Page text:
Looking ahead in manufacturing
As long as technology continues to change and improve, obsolescence will remain a challenge for manufacturers.
Many new mobile phones do not have a headphone jack, leaving us with headphones that, while still functional, are incompatible with our phones. Those of us who knew the direction mobile phone technology was headed knew not to purchase expensive headphones prior to a new phone, because they would soon be obsolete.
Manufacturers must apply the same foresight to the equipment in their factories. As Industry 4.0 takes hold and the number of industrial components that connect across the Industrial Internet of Things (IIoT) increases, the rate at which industrial equipment becomes obsolete is also increasing.
Be on the lookout
Manufacturers can face considerable challenges if they do not identify components that are due to become obsolete in advance. It can lead to unplanned downtime while alternative equipment is sourced from a reliable supplier such as EU Automation.
Original equipment manufacturers (OEMs) usually publish end-of-life announcements to pre-warn customers of their plans to cease production of a component. In some industries this is required by regulation. For example, the JEDEC Solid State Technology Association enforces the JESD 46 standard to ensure semiconductor manufacturers notify customers of changes to their products and processes.
Closer to the end-of-life of a product, the OEM may issue a last time to buy notice. This is an opportunity for manufacturers to bulk buy enough of the component to keep them going in the short term, provided they can afford to purchase and store the excess components in their warehouse.
Another reason components become obsolete is due to competition from more advanced technology. Manufacturers must maintain an awareness of technological advancements that might render components they rely on in their factory obsolete.
What lies ahead?
A recent collaboration between Deloitte, the Council on Competitiveness and Singularity University led to the creation of the Exponential Technologies in Manufacturing study. The study identified the top technology investment areas for manufacturers as advanced analytics, modelling and simulation and the IIoT.
For equipment at risk of obsolescence, its operational lifespan should be extended as much as possible using advanced analytics to perform predictive maintenance. Sensors can collect data from individual components to monitor their condition and alert an engineer if any changes in operating parameters occur, which could indicate a developing fault. By resolving faults as soon as they occur, machine breakdown and collateral damage can be avoided, allowing machines to remain operational for longer.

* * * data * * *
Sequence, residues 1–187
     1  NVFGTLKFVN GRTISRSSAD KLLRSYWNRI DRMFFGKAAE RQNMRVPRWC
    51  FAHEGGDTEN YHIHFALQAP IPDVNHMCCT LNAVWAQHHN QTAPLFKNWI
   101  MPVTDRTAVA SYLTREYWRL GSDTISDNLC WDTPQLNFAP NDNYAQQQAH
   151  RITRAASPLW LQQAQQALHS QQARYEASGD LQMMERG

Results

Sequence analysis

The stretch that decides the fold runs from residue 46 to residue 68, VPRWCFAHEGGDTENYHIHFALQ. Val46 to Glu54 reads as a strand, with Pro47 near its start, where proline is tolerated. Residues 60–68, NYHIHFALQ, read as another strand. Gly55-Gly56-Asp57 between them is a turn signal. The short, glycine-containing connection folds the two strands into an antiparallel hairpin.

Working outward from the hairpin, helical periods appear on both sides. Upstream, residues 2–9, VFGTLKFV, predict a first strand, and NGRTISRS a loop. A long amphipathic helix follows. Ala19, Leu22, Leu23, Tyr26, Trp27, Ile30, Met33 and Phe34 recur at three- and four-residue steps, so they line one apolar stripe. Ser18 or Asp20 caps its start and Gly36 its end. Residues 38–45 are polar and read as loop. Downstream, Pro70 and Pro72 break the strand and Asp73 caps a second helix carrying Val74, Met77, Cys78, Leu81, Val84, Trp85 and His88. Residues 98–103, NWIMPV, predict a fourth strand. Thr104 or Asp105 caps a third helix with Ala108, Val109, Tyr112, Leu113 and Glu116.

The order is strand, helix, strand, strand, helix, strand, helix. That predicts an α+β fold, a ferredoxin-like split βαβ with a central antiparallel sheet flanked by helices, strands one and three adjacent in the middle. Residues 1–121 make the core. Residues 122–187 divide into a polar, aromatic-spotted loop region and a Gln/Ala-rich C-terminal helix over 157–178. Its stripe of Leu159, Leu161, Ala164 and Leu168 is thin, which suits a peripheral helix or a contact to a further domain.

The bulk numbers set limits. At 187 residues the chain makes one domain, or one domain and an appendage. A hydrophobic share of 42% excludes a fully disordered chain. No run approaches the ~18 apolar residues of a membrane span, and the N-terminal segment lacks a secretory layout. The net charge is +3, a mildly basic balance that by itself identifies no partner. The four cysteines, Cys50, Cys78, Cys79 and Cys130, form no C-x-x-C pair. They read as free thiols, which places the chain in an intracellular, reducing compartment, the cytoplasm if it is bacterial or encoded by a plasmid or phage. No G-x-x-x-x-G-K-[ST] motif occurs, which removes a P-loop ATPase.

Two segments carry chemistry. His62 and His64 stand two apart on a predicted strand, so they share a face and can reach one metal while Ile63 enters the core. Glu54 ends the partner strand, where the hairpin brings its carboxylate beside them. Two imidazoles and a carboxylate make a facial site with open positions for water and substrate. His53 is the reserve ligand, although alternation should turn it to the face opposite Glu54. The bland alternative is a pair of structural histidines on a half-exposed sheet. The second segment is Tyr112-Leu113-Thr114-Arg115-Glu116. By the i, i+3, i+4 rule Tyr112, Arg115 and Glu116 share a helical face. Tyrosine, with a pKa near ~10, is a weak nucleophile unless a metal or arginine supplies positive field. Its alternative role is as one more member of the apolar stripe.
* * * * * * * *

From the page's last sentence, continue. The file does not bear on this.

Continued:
Modelling and simulation in the form of augmented reality (AR) and virtual reality (VR) are transforming the way manufacturers and designers work. For example, Rolls Royce uses VR to provide its engineers with hands on training in an environment that allows them to make mistakes and undo their actions, without any risk. As more manufacturers implement AR and VR and the applications of the technology increase, other digital displays, such as mobile phones, tablets and computer monitors, could become outdated.
Also identified in the Exponential Technologies in Manufacturing study, the IIoT represents one of the biggest developments in manufacturing technology. A study by Genpact showed almost 81 per cent of organisations globally believe successful adoption of the IIoT is critical to future success. Manufacturers must ensure their equipment can be connected to the IIoT to tap into this trend.
The future of IIoT technology in manufacturing is expected to see an increase in edge computing, meaning computation is performed on distributed, connected devices rather than centralised cloud environments. It is also expected that fog computing will increase, whereby edge devices are used to wirelessly communicate and share information.
With increased connectivity comes an increased vulnerability to cyber-attacks and the industry recognises this as a critical challenge that must be overcome. Therefore, IIoT devices will continue to adapt over coming years as they become more cyber secure. The technologies with inherent security flaws will quickly become obsolete, otherwise manufacturers would be putting themselves at risk. Manufacturers must keep on top of security trends and regularly update their software and any vulnerable equipment to help secure their factories.
Old mobile phone headphones can still be used by purchasing an adapter and manufacturers can still integrate obsolete industrial equipment into their facility. To do this effectively, they must always be aware of the upcoming developments in manufacturing technology to ensure they have a plan for maintaining equipment that is likely to become obsolete in the near future and to manage the already obsolete components on their factory floor.
So, what’s next for mobile phones? Rumours are spreading that the next update to mobile phone technology will be wireless charging, so perhaps we should avoid buying new expensive chargers.